Going green beyond its colors: Marshall opens first compost facility in West Virginia


HUNTINGTON, W.Va. (WOWK) – Marshall University is taking steps to go green beyond its school colors and make a positive impact on the environment.

Next year, the school’s Sustainability Department will open the first commercial compost facility in West Virginia. By adding the compost facility, the university will be 70 percent waste-free. 

“We will take all organic matter from campus that includes food waste, white office paper, cardboard, and lawn scraps,” said Amy Parsons-White, MU Sustainability Manager.

Parsons-White said it’s is a lot cheaper for the school to recycle its organic waste instead of paying to have it hauled off to a landfill, and it is also a lot cleaner and better for the environment. The sustainability manager said organic decomposition produces methane that is 70 times more potent than CO2 as a greenhouse gas. 

“Just by recycling our food waste we can reduce our greenhouse gas emissions by over 20 tons per year,” said Parsons-White.

Once the organic waste is brought to the facility, it will be broken down and turned into fertilizer thanks to the help of a grinder, mixer, digester, and 50,000 worms. 

“Worm castings that we will then use back on campus and at elementary schools. . . we will donate the castings for their school gardens,” said Parsons-White.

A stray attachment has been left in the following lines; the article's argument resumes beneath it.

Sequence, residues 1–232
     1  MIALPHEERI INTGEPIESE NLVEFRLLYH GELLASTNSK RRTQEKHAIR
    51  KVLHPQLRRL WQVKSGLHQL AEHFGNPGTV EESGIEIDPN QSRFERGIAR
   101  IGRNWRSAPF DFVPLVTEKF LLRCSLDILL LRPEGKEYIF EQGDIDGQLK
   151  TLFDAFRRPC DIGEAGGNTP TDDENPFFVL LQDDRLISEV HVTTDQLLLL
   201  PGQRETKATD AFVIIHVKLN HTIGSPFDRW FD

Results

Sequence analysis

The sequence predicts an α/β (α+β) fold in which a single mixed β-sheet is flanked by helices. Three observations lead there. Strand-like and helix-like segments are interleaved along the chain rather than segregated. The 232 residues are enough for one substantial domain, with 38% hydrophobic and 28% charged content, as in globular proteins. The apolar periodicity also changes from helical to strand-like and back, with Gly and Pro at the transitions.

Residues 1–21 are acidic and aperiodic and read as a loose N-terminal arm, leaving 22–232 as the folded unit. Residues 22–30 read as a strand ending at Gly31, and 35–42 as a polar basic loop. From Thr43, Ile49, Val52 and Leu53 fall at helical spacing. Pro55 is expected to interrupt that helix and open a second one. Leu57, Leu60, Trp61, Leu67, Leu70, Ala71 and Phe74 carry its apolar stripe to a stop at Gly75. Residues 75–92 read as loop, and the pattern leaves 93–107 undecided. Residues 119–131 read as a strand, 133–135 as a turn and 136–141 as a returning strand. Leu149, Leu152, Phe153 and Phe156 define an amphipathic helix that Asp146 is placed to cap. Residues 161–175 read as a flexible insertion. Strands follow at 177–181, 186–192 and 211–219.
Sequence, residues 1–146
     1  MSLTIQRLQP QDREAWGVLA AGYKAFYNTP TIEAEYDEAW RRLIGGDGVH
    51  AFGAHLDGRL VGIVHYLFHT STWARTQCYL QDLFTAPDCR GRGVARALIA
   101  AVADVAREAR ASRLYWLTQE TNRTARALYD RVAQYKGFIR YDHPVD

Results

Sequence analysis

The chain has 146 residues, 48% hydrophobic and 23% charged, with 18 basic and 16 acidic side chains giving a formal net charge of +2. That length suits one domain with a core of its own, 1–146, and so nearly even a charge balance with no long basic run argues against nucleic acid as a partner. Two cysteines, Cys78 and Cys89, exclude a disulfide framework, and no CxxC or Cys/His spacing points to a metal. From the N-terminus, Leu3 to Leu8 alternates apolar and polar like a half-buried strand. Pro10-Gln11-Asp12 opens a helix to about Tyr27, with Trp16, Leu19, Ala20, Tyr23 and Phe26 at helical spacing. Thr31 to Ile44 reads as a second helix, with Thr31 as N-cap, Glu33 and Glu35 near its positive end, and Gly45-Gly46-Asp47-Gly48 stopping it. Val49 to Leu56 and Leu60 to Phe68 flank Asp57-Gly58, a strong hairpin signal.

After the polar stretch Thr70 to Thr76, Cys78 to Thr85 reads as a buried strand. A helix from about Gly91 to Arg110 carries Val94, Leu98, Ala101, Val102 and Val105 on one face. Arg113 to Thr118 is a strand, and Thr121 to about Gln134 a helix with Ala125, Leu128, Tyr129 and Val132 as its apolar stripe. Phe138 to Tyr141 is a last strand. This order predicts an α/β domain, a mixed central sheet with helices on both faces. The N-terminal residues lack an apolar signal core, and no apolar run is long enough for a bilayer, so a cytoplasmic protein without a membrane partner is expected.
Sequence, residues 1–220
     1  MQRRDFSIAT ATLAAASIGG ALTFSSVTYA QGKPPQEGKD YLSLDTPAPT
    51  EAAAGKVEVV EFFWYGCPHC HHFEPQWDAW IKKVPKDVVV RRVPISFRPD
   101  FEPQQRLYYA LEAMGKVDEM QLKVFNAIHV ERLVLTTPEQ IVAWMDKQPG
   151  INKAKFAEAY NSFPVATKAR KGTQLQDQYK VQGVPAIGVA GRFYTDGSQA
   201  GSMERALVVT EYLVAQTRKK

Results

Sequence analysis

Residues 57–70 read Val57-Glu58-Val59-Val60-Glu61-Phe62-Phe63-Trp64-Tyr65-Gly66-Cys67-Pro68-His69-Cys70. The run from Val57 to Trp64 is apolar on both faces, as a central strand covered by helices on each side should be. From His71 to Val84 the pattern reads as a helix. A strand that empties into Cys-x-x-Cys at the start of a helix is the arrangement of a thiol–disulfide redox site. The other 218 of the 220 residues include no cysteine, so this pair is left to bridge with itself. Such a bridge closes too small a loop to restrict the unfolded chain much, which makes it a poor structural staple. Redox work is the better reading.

One of the major concerns brought up by the community is water runoff, and the possibility that the facility will contaminate nearby waters and streams, but the fact that this facility is indoors should eliminate a lot of those concerns.

“When you think of a composting facility a lot of folks will have that structure in the backyard,” said Mark Buchanan, MU Environmentalist Manager.

Parsons-White added that they wanted to make sure the facility was far enough from the stream and everything was housed indoors with a concrete floor to greatly reduce the possibility of any runoff or contamination happening.

If the program is successful within a year or two, it may branch out to the local community and restaurants, but right now it’s just a campus project.

The compost facility at Marshall University is being funded through grants and local donations, and it will be open in the Spring of 2020.

The facility will be operated in conjunction with the Gro Marshall Recovery Fellowship, which is a program within the department through a partnership with the Karma Yoga Institute.

The program provides job training and certification to those in recovery through various green-collar fields, such as composting and gardening.

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